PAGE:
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Wednesday, July 12, 2006

Small, Low Traffic Can Be Highly Profitable

There are many offline bricks and mortar businesses that thrive with just a handful of clients. There is even the sort of business that will achieve record sales and success by landing only one or two clients in an entire year. Take as an example a successful entrepreneur who carries out specific highly specialized training programs in large Fortune 500 companies.

To land a single client or two, this particular entrepreneur will need to target a handful of companies at the most. In the particular case I am familiar with, contact will be made with about 5 carefully chosen companies to land enough business for the entire year.

The Internet makes it even easier to target specific small, tiny market niches and still thrive. Why is it then that many people do not believe that a low traffic blog or a low traffic site can greatly thrive and prosper? Why is it that many bloggers and webmasters still insist on blindly using tactics and techniques best suited for high traffic sites that require hundreds of thousands of hits to make enough cash to keep going? Surely we do not expect high traffic web site or blog techniques to work equally well with tiny low traffic sites. Actually the behavior of most site owners clearly shows that we do.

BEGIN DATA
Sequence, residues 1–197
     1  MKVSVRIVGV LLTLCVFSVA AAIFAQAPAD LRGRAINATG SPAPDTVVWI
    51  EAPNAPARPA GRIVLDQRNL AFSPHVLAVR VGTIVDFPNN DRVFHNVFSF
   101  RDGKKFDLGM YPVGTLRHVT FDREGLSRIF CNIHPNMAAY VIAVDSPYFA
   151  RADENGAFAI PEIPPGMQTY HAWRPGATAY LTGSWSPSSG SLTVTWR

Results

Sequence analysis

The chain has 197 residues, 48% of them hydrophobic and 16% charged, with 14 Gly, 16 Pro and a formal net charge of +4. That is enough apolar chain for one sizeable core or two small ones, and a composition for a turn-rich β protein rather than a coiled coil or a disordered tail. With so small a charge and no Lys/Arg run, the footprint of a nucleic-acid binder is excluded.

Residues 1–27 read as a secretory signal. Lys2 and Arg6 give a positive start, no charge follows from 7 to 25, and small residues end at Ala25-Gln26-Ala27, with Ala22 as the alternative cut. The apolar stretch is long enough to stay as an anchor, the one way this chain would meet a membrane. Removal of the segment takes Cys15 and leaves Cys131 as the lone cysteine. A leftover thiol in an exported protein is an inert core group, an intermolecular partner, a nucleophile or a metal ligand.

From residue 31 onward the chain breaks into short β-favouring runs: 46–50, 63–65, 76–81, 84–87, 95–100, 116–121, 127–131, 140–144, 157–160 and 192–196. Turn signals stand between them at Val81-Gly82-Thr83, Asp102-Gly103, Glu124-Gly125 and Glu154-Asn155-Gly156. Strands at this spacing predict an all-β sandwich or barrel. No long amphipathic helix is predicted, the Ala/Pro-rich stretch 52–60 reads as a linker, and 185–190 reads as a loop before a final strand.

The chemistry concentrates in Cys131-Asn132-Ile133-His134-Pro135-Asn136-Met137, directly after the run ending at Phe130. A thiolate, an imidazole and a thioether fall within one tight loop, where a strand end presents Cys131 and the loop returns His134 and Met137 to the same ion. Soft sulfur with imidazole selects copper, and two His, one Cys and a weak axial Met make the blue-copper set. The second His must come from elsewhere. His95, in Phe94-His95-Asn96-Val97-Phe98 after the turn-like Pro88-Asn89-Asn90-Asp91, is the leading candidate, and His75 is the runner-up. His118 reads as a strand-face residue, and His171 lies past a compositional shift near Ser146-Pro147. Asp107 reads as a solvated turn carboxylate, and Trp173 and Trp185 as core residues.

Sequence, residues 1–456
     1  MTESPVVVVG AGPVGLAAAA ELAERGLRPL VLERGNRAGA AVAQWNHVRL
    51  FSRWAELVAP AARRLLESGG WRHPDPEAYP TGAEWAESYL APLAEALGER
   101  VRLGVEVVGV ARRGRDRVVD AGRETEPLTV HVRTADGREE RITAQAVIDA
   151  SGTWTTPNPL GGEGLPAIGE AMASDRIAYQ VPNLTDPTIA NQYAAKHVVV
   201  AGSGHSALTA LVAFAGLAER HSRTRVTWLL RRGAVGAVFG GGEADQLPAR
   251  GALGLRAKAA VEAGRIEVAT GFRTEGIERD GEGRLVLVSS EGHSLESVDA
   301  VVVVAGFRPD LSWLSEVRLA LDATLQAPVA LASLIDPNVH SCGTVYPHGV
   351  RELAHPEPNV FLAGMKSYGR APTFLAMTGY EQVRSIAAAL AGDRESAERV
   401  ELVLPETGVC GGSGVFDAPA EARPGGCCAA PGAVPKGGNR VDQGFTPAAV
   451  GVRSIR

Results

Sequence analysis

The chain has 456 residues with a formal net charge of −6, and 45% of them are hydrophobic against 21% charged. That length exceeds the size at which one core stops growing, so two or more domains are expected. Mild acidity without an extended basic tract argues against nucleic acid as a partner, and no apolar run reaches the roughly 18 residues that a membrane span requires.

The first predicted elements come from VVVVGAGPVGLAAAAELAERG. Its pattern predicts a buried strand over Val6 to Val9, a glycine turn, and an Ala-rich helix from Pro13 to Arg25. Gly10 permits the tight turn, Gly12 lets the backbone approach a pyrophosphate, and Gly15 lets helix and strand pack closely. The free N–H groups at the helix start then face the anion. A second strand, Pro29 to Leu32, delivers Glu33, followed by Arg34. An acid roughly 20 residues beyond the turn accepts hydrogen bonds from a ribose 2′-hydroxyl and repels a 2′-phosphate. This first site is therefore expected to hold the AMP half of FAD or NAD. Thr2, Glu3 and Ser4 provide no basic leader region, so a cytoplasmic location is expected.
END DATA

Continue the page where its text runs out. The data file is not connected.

Read continuation.

Do you have a low traffic site? You don't need to wait to build up high traffic to earn from your site. Get Big Money from your low traffic site right away even as you work on building your traffic. Email me now for a personal reply, Free Special Report and a valuable free online course.
Nancy Burpee is a world class paralympic swimmer, who has set world records in the 50 and 100 yards freestyle but was disqualified and thus effectively locked out from the 2004 Paralympic Games held in Athens, Greece on a procedural technicality. Law firm simmons jannace & stagg represented her in an effort to have the disqualification overturned and argued that the Australian referee showed bias against Ms. Burpee by making various comments indicating that the Australian referee did not want Ms. Burpee competing against an Australian paralympic swimmer at the games.

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